An issue that often comes up for users of any full proxy-based product is that the original client IP address is often lost to the application or web server. This is because in a full proxy system there are two connections; one between the client and the proxy, and a second one between the proxy and the web server. Essentially, the web server sees the connection as coming from the proxy, not the client. 

Needless to say, this can cause problems if you want to know the IP address of the real client for logging, for troubleshooting, for tracking down bad guys, or performing IP address specific tasks such as geocoding. Maybe you're just like me and you're nosy, or you're like Don and you want the webalizer graphs to be a bit more interesting (just one host does not a cool traffic graph make, after all!).

That's where the "X-Forwarded-For" HTTP header comes into play. Essentially the proxy can, if configured to do so, insert the original client IP address into a custom HTTP header so it can be retrieved by the server for processing.

If you've got a BIG-IP you can simply enable the ability to insert the "X-Forwarded-For" header in the http profile. Check out the screen shot below to see just how easy it is. Yeah, it's that easy.

If for some reason you can't enable this feature in the HTTP profile, you can write an iRule to do the same thing.

when HTTP_REQUEST { HTTP::header insert "X-Forwarded-For" [IP::client_addr]}

Yeah, that's pretty easy, too. So now that you're passing the value along, what do you do with it?

Modifying Apache's Log Format

Well, Joe has a post describing how to obtain this value in IIS. But that doesn't really help if you're not running IIS and like me have chosen to run a little web server you may have heard of called Apache.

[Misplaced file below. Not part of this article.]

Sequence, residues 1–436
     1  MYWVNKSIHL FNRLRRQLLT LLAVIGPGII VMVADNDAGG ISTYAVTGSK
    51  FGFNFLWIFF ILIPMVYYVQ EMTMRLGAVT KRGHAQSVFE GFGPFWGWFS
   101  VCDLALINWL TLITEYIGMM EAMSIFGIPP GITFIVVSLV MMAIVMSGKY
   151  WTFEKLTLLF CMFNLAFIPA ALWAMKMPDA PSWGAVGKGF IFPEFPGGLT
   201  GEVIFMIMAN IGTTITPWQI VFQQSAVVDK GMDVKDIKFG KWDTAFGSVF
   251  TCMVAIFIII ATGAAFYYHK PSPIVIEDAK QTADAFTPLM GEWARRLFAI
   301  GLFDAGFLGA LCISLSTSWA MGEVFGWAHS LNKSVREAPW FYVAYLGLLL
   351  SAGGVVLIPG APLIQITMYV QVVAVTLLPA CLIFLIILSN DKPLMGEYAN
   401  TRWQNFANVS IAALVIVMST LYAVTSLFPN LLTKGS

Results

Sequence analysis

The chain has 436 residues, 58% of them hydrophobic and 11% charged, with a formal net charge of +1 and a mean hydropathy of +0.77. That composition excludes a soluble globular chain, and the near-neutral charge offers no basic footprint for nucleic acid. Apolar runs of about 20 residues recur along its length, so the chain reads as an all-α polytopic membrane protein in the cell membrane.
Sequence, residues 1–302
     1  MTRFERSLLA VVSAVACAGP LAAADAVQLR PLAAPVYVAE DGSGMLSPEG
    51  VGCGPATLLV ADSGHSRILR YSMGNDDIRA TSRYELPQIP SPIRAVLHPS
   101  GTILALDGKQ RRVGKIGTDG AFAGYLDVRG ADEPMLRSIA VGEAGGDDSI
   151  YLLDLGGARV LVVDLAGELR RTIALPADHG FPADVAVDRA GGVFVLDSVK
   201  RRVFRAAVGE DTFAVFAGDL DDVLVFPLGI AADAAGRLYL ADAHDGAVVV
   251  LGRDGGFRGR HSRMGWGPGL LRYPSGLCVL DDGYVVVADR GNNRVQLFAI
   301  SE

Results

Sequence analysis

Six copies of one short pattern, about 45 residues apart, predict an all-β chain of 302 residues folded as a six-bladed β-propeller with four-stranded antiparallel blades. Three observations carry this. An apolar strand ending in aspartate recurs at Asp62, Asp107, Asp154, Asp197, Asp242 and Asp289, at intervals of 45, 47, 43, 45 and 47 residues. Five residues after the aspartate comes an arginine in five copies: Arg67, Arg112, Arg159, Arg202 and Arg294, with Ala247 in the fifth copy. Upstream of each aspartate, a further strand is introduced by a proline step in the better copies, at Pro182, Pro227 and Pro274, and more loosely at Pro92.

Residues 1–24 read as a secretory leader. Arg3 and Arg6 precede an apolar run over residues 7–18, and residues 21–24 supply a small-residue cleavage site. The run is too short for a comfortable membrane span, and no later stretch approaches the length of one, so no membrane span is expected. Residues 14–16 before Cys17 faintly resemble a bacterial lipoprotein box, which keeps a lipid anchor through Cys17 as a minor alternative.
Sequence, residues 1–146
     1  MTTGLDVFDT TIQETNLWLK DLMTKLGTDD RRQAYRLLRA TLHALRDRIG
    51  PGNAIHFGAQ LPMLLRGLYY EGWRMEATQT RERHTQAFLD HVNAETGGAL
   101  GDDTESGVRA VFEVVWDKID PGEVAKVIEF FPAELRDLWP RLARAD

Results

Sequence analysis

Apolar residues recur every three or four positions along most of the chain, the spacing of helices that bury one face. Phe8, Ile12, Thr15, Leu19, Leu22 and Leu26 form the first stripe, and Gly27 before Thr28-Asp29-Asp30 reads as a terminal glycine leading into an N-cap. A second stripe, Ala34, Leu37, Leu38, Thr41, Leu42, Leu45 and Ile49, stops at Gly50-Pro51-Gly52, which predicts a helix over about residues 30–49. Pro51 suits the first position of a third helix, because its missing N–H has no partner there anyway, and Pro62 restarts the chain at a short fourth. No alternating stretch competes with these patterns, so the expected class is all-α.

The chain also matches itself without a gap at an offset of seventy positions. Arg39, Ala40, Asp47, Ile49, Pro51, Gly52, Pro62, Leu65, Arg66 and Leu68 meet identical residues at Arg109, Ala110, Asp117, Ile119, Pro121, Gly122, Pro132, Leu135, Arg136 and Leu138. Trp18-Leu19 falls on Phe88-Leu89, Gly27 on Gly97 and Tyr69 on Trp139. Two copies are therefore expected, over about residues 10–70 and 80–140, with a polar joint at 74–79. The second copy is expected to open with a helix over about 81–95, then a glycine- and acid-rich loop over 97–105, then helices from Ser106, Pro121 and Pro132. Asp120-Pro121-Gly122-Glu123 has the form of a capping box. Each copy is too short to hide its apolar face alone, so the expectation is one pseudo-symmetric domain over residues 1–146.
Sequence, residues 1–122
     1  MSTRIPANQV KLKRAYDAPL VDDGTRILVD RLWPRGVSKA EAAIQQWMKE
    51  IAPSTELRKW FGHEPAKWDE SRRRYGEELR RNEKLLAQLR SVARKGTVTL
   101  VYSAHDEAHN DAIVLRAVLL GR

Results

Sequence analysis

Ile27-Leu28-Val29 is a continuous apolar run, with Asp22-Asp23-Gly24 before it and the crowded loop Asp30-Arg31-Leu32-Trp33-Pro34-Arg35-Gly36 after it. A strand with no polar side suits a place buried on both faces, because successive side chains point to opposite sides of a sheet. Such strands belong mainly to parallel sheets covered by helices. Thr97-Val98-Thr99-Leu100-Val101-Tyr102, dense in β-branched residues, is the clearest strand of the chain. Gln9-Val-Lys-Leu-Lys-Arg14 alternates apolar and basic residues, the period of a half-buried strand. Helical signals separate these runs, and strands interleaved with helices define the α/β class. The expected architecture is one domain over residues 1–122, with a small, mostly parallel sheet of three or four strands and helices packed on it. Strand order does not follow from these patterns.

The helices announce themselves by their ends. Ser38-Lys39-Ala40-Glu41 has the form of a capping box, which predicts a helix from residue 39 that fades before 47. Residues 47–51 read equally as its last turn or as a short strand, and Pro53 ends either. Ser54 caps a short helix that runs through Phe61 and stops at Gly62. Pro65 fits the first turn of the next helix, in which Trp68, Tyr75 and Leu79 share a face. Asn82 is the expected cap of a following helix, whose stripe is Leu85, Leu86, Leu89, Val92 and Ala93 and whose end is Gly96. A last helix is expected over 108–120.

Configuring Apache to use the X-Forwarded-For instead of (or in conjunction with) the normal HTTP client header is pretty simple. ApacheWeek has a great article on how to incorporate custom fields into a log file, but here's the down and dirty. Open your configuration file (usually in /etc/httpd/conf/) and find the section describing the log formats. Then add the following to the log format you want to modify, or create a new one that includes this to extract the X-Forwarded-For value:


That's it. If you don't care about the proxy IP address, you can simply replace the traditional %h in the common log format with the new value, or you can add it as an additional header. Restart Apache and you're ready to go.

Getting the X-Forwarded-For from PHP

If you're like me, you might have written an application or site in PHP and for some reason you want the real client IP address, not the proxy IP address. Even though my BIG-IP has the X-Forwarded-For functionality enabled in the http profile, I still need to access that value from my code so I can store it in the database.

$headers = apache_request_headers(); $real_client_ip = $headers["X-Forwarded-For"];

That's it, now I have the real IP address of the client, and not just the proxy's address.

Happy Coding & Configuring!

Imbibing: Coffee